Transportation Infrastructure: Boxer (almost) Gets it Right

Published Dec 22, 2010 9:55 AM by The Maritime Executive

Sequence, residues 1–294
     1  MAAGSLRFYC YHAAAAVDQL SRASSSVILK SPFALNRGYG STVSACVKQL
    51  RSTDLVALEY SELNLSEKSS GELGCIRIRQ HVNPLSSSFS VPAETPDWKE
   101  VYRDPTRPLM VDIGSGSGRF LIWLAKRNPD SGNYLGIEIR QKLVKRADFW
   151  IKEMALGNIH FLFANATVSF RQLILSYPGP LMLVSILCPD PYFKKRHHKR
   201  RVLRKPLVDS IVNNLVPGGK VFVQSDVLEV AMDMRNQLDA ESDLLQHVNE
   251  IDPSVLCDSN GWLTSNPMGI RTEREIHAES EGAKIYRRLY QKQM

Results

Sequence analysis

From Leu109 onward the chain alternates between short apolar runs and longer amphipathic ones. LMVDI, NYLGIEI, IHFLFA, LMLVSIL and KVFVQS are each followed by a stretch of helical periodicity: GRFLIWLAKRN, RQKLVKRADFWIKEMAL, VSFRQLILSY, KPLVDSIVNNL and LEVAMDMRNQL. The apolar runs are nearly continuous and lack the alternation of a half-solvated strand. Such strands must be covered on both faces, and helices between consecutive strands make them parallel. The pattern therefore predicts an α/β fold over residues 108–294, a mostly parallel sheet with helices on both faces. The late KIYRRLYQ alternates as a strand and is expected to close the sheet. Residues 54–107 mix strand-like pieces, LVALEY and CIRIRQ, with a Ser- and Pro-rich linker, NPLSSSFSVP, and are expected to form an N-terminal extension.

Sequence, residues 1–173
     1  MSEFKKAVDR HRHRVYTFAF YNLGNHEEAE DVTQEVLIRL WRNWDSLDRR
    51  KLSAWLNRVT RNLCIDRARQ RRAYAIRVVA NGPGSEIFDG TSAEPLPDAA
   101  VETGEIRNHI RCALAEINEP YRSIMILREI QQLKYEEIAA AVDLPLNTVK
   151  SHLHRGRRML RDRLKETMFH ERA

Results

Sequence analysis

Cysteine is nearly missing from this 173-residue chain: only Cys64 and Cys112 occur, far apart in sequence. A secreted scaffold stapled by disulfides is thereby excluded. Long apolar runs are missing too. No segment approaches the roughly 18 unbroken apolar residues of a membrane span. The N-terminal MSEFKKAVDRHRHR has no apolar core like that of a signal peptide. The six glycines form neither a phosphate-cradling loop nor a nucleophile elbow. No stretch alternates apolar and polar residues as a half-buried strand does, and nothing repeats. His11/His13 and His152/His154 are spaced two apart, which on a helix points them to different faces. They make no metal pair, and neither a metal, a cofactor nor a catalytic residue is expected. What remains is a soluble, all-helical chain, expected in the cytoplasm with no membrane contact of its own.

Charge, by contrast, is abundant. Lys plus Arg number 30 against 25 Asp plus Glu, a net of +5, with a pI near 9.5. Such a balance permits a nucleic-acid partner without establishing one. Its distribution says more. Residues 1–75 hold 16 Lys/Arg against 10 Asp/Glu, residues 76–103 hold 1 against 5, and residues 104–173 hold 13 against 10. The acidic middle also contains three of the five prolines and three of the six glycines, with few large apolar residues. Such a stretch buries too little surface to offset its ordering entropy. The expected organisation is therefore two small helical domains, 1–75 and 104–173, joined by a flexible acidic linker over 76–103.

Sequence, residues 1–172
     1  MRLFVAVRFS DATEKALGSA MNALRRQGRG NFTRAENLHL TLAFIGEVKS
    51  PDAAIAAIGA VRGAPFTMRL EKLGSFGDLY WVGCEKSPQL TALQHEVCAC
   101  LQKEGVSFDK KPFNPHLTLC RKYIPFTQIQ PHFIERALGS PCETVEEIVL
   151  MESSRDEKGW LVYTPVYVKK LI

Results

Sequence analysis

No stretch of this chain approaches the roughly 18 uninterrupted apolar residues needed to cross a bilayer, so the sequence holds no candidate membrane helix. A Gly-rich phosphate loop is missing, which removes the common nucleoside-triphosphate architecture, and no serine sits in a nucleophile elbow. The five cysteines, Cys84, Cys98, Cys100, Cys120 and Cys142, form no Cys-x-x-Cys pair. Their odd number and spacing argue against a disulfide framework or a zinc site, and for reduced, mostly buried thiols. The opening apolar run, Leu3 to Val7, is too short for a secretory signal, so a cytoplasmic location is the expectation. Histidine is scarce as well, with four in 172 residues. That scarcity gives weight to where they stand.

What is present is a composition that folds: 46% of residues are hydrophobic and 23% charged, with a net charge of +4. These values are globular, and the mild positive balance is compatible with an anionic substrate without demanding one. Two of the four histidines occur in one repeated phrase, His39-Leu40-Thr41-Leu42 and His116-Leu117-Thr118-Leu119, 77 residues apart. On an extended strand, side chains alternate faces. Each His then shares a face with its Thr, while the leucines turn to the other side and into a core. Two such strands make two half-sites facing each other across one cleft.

CA lawmaker calls on heavy users to pay for transportation infrastructure but misses the low-hanging fruit of Harbor Maintenance Tax reform as an additional way to get to the Promised Land. The June 25 Senate Environment and Public Works hearing revolved largely on how to keep the Highway Trust Fund (HTF) solvent. Financed primarily by the gas tax which has yielded markedly lower revenues because of reduced mileage by Americans in the wake of $4+ per gallon gasoline in the Fall of 2008 (and the soured economy that followed), the Highway Trust Fund will very soon (August) go broke without the 18 month extension asked for by the Obama Administration. In response, Senator Barbara Boxer (D-CA) is asking ports, rails, trucks – the heavy users that theoretically take the highest toll on our nation’s highway system – join in paying for transportation repairs. It all sounds logical, except that Boxer herself, a self-proclaimed environmentalist, has once again failed to grasp the big picture. Here is why: Boxer laid out her plans to replenish the HTF succinctly at the recent meeting. She insisted, “I’m not going to keep going back to the American public on a gas tax. Let the heavy users like the truckers step up to the plate, and we can work together.” She even claimed that the truckers had shown willingness to play ball where the others had not. At the same meeting, she also argued that greenhouse gas is “a real problem.” What that (greenhouse gas) has to do with funding for the HTF quite frankly escapes me, but she was (however briefly) on the right highway before making several wrong turns. As it stands now, Boxer and her colleagues from both sides of the aisle are headed in the wrong direction. And that’s because funding for the short term – no matter what source it comes from – won’t solve the underlying problem. That’s where Harbor Maintenance Tax (HMT) reform comes in. As a general concept, Boxer is probably on the right track when she says that heavy users take the highest toll on the highways and therefore should shoulder a commensurate portion of the tab to fix the problem. But, what if the source of the problem was eliminated or at least minimized to an extent that drastically reduced the necessity of highway repairs and significantly increased the lifespan of existing highways? And, what if that solution included a reduction in greenhouse gas emissions, an increase in tax revenues from a domestic shortsea shipbuilding boom, reduced congestion for our clogged highways, as well as an increase in our domestic merchant fleet to bolster our sealift capacities in times of war? Now, a lot of that also has nothing to do with fixing HTF, but if Boxer can stray far off course in her arguments, then I can be forgiven for the same sins. Here and abroad; shortsea shipping works. One such place where the merits of a focused effort to remove heavy trucks from the nation’s highways are already reaping huge dividends is the state of Connecticut’s link to Long Island. In a 2000 survey of ferry operators, it was determined that of the 4 major operators reporting annual figures to the Federal Highway Administration, there were over 2.1 million passenger boardings and nearly 852,000 vehicle boardings of ferries servicing Connecticut’s ports. Many of those vehicles are heavy trucks and – please reach out and correct me if I have my statistics wrong – in the past five years alone, more than a million trucks were taken off the roads by such means. Think about the reduced idling time for commuters and commerce alike on the already congested Long Island Expressway alone. According to a Connecticut Maritime Coalition study, “Connecticut believes that significant truck traffic could be diverted from Fairfield and New Haven Counties by barging truck trailers from New York City to Bridgeport, New Haven or New London. These results come from a strongly conservative assessment of the continuing significance of the State’s deepwater ports.” The report goes on to say, “And we keep 1,300 trucks off the road for each steel-carrying vessel docking in New Haven.” And, in case you have still missed the point, removing trucks from the road where it is possible will also significantly reduce wear and tear – and associated costs – on the nation’s highways. Now, I’m guessing that truckers will probably be reluctant to sign on to the short sea bandwagon. Furthermore, I also wonder why the short sea component of the Harbor Maintenance Tax is still on the books despite virtually no revenues being derived from it by the federal government. On the other hand, the lobbyists trying to prevent repeal of the shortsea HMT can take solace that, once the trucks and containers get to their port of destination, someone will still be needed to drive them off the ship or barge. The Obama administration wants Congress to extend the current highway program for 18 months to allow time to find money to replenish HTF. Pushing back are Rep. James Oberstar (D-MN) and Senator Frank Lautenberg (D-NJ), who want a new transportation bill this year. And now, there is a real chance that both lawmakers and other supporters of the HMT reform will have enough leverage to persuade colleagues on the Ways and Means and Finance committees to include it in any revenue measure. There may never be a better opportunity to get this done. By all means: find a short term solution to replenish the fund. But, that effort needs to be coupled with ways to reduce the traffic on our nation’s roads as a means of keeping that tab to an absolute minimum. The underlying problem exists because the roads are being used to an extent far greater than the original construction allowed for. It’s a rare occurrence inside the beltway when a funding crisis can be addressed with the additional benefit of reducing greenhouse gas emissions, greatly reducing roadway deterioration and associated costs, while increasing tax revenues through new sources of maritime business and construction. And not a moment too soon (see the EPA’s proposed stringent standards for large ships). Senator Boxer and her friends can have it all! Someone bang on her door up on the Hill and let her know. – MarEx. Joseph Keefe is the Editor in Chief of THE MARITIME EXECUTIVE. He can be reached with comments on this editorial at [email protected]. Join the Maritime Executive ‘Linked In’ group at by clicking http://www.linkedin.com/e/gis/47685